Cherimoya

Cherimoya by Heather Diane

The cherimoya [cher-uh-moi-uh] is a species of Annona (also known as a sugar-apple) native to the Andean-highland valleys of Peru, Ecuador, Colombia, Chile, Bolivia, and Argentina. The fruit is oval, often slightly oblate, with a smooth or slightly tuberculated skin. The fruit flesh is white and creamy, and has numerous dark brown seeds embedded in it. Mark Twain called the cherimoya ‘the most delicious fruit known to men.’

The Moche culture of Peru had a fascination with agriculture and represented fruits and vegetables in their art. Cherimoyas were often depicted in their ceramics. The name originates from the Quechua word chirimuya, which means ‘cold seeds,’ because the plant grows at high altitudes. The tree thrives throughout the tropics at altitudes of 1,300 to 2,600 m (4,300 to 8,500 ft). Though sensitive to frost, it must have periods of cool temperatures or the tree will gradually go dormant. The indigenous inhabitants of the Andes say that although the cherimoya cannot stand snow, it does like to see it in the distance.

It is cultivated in many places throughout the Americas, including California, where it was introduced in 1871, and Hawaii. In the Mediterranean region, it is cultivated mainly in southern Spain, where it was introduced before 1751; from there it was carried to Italy and lsla de Madeira (Portugal), but now can be also found in Morocco, Tunisia, Lebanon, Egypt and Israel. The first planting in Italy was in 1797 and it became a favored crop in the Province of Reggio Calabria. It is also grown in Taiwan, Australia and New Zealand.

The fruit is fleshy and soft, sweet, white in color, with a sherbet-like texture, which gives it its secondary name, custard apple. Some characterize the flavor as a blend of banana, pineapple, papaya, peach, and strawberry. Others describe it as tasting like commercial bubblegum. Similar in size to a grapefruit, it has large, glossy, dark seeds that are easily removed. When ripe, the skin is green and gives slightly to pressure, similar to the avocado. Large fruit which are uniformly green, without cracks or mostly browned skin, are best. Unripe cherimoyas will ripen at room temperature, when they will yield to gentle pressure. Ripe fruits keep better in the refrigerator.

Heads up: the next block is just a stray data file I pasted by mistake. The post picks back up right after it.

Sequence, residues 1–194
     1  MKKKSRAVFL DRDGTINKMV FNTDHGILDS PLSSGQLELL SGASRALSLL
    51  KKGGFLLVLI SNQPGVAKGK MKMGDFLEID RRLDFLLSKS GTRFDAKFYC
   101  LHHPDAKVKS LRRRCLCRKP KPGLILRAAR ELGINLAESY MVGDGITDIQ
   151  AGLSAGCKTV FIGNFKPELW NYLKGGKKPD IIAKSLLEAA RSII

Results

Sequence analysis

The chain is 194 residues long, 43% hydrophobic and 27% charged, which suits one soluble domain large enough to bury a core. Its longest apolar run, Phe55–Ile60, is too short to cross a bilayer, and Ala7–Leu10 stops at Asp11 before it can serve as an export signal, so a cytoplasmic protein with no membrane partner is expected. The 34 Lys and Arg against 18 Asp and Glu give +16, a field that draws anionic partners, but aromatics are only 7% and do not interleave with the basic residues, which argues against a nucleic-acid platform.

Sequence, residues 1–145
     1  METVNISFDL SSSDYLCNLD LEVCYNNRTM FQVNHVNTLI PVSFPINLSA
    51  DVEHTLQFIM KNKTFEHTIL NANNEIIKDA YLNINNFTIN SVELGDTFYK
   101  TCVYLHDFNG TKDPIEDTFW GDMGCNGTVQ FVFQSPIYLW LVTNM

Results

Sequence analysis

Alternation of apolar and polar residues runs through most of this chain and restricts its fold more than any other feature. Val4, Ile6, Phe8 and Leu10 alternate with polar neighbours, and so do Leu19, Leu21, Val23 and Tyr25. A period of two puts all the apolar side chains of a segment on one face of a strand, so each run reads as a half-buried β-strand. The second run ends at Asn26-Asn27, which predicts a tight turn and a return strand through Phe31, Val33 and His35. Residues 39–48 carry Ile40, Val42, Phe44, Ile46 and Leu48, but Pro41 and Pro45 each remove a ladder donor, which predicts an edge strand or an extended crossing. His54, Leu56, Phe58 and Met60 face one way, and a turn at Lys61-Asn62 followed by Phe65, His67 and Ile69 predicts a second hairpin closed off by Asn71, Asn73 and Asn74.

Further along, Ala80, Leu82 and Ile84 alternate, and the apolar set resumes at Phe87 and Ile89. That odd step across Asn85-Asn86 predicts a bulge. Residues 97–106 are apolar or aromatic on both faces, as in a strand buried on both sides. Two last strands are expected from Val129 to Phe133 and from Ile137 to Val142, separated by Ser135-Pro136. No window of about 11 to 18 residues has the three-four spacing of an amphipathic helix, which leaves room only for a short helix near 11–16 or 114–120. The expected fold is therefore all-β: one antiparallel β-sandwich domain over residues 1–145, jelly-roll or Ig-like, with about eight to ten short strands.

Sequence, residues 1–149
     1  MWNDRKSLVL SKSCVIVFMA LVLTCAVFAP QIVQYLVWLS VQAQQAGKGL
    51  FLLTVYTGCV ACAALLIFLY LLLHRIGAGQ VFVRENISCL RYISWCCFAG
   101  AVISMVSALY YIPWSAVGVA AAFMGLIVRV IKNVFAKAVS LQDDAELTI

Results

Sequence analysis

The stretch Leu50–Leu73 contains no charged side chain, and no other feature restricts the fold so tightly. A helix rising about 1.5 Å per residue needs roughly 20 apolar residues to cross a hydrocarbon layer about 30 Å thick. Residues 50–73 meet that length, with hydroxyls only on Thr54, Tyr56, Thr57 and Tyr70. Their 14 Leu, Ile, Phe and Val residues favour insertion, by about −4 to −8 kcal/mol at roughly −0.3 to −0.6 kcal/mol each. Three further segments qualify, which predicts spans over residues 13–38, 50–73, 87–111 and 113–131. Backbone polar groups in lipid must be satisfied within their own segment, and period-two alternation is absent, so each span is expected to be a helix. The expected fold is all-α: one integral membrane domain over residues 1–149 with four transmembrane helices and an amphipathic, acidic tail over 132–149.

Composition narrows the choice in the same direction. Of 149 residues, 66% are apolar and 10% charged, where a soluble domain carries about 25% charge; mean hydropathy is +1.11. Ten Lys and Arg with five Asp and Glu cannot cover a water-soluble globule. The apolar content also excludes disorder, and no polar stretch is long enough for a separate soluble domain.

Different varieties have different flavors, textures, and shapes. Shapes can range from imprint areoles, flat areoles, slight bump or point areoles, full areoles, and combinations of these shapes. The flavor of the flesh ranges from mellow sweet to tangy or acidic sweet, with variable suggestions of pineapple, banana, pear, papaya, strawberry or other berry, and apple, depending on the variety. The usual characterization of flavor is ‘pineapple/banana’ flavor, similar to the flavor of the Monstera deliciosa fruit.

When the fruit is soft-ripe/fresh-ripe and still has the fresh, fully mature greenish/greenish-yellowish skin color, the texture is like that of a soft-ripe pear and papaya. If the skin is allowed to turn fully brown, yet the flesh has not fermented or gone ‘bad,’ then the texture can be custard-like. Often, when the skin turns brown at room temperature, the fruit is no longer good for human consumption. Also, the skin turns brown if it has been under normal refrigeration for too long – a day or two.

Fresh cherimoya contains about 15% sugar (about 60kcal/100g) and some vitamin C (up to 20 mg/100g). Cherimoya and other members of the Annonaceae family also contain small amounts of neurotoxic alkaloids, such as annonacin, which appear to be linked to atypical Parkinsonism in Guadeloupe. The seeds are poisonous if crushed open. An extractive of the bark can induce paralysis if injected. The flowers are hermaphroditic and have a mechanism to avoid self pollination. The short-lived flowers open as female, then progress to a later, male stage in a matter of hours. This requires a separate pollinator that not only can collect the pollen from flowers in the male stage, but also deposit it in flowers in the female stage.

Quite often, the female flower is receptive in the early part of the first day, but pollen is not produced in the male stage until the late afternoon of the second day. Honey bees are not good pollinators, for example, because their bodies are too large to fit between the fleshy petals of the female flower. Female flowers have the petals only partially separated, and the petals separate wide when they become male flowers. So the bees pick up pollen from the male flowers, but are unable to transfer this pollen to the female flowers. The beetles which pollinate cherimoya in its land of origin are much smaller than bees. For fruit production outside the cherimoya’s native region, cultivators must either rely upon the wind to spread pollen in dense orchards or else pollinate flowers by hand. Complicating matters is the notoriously short lifespan of cherimoya pollen.

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